8. The defendant, Musammat Sahudra Bibi, did not defend the suit. The other defendant, Babu Kameshar Prasad, filed a written statement and defendant the suit. In the written statement be alleged, amongst other things, that the whole proceedings 'connected with the sale-deed in question, dated the 22nd of March 1882, are fictitious. The sale-deed in question was not intended to transfer any property, nor was any property transferred by it to the plaintiff.
9. It was executed and completed without any consideration with a view to protect the property of the deceased debtor Puran Chand alias Raja.'
10. n support of the contention that this appeal lay to the Court of the District Judge--Mr. Madho Prasad, for the plaintiff appellant, relied upon Gulzari Lal v. Jadaun Rai I.L.R. 2 All. 799; Durga Prasad v. Rachla Kuar I.L.R. 9 All. 140; Krishnama Chariar v. Srinivasa Ayyangar I.L.R. 4 Mad. 339; Modhusudun Koer v. Rakhal Chunder Roy I.L.R. 15 Cal. 104, and Daya Chand Nem Chand v. Hem Chand Dharam Chand I.L.R. 4 Bom. 515.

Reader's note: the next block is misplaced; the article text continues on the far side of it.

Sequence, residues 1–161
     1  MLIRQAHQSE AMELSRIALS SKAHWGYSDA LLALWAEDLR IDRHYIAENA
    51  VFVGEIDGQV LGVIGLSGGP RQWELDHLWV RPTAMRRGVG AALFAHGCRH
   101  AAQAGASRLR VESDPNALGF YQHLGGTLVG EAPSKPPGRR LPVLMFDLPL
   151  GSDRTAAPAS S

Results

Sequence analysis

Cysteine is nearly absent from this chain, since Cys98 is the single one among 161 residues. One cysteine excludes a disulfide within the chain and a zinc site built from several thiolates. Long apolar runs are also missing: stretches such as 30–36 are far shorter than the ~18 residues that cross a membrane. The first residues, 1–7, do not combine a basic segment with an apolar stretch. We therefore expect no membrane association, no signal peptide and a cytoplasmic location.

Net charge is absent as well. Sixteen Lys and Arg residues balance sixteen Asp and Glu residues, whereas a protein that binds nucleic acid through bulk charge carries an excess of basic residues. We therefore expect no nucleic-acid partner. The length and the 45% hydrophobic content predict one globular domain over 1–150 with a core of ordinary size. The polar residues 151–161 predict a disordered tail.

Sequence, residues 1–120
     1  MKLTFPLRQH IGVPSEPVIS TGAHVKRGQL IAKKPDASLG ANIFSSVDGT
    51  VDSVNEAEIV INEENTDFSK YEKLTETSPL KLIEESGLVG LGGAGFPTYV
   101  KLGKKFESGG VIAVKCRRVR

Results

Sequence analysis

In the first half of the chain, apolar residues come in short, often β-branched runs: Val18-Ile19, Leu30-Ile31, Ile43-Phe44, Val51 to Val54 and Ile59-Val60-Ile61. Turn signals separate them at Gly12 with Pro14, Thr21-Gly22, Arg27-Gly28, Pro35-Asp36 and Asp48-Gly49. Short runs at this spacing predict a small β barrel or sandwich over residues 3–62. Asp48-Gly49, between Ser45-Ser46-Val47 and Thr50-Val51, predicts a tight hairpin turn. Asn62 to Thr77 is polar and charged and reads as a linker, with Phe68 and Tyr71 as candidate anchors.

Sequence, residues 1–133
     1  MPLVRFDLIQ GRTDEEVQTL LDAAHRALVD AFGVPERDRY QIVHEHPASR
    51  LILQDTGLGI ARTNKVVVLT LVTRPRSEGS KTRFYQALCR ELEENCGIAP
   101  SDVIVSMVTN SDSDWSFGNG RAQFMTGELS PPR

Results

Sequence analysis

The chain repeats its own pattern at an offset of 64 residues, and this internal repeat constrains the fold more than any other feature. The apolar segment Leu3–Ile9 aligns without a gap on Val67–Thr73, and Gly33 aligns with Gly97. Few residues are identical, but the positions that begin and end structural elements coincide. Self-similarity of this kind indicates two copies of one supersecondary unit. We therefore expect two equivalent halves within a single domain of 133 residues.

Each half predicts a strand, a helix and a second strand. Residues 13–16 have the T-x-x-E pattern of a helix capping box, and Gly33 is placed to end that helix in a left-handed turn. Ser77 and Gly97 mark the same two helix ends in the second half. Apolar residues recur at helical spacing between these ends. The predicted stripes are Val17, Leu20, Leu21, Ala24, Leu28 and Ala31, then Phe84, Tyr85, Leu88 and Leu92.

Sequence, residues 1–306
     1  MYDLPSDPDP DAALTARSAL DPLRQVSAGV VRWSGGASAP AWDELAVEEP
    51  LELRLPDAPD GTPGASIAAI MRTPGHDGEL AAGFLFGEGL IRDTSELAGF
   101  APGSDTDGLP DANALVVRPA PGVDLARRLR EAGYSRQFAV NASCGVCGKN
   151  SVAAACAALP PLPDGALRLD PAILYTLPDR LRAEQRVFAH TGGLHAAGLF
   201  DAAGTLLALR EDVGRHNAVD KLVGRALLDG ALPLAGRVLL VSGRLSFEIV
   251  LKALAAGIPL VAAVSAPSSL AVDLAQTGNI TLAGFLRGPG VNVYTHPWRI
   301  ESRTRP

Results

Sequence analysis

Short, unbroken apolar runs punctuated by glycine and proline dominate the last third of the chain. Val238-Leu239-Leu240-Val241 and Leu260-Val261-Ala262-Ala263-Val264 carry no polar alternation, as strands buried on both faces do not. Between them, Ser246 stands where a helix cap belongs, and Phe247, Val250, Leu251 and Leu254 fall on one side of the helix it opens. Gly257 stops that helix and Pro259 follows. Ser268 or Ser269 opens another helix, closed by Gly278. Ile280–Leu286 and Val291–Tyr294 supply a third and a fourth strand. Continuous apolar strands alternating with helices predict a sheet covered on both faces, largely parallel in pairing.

11. Mr. Jogindro Nath Chaudhri, for the defendant respondent, Babu Kameshwar Prasad, in support of the contention that the appeal lay to this Court, relied upon Mahabir Singh v. Behari Lal I.L.R. 13 All. 320, and Madho Das v. Ramji Patak I.L.R. 16 All. 286.
12. It appears to us that the decision in Daya Chand Nem Chand v. Hem Chand Dharam Chand I.L.R. 4 Bom. 515, has little or no bearing on the question which we have to decide.
13. In Gulzari Lai v. Jadaun Rai I.L.R., 2 All. 799, (the decision in which was explained in the case to which we shall next refer); Durga Prasad v. Rachta Kuar I.L.R. 9 All. 140; Krishnama Chariar v. Srinivasa Ayyangar I.L.R. 4 Mad. 339, and Modhusudun Koer v. Bakhal Chander Roy I.L.R. 15 Cal. 104, the suits, so far as we can gather from the reports, were either solely between the execution-creditor and the claimant-objector on one side or the other, or, if the judgment-debtor was a party as defendant, the effect upon his title and that of all claiming through him of a decision in the suit that the property was not liable to the attachment of the execution-creditor was not raised or considered.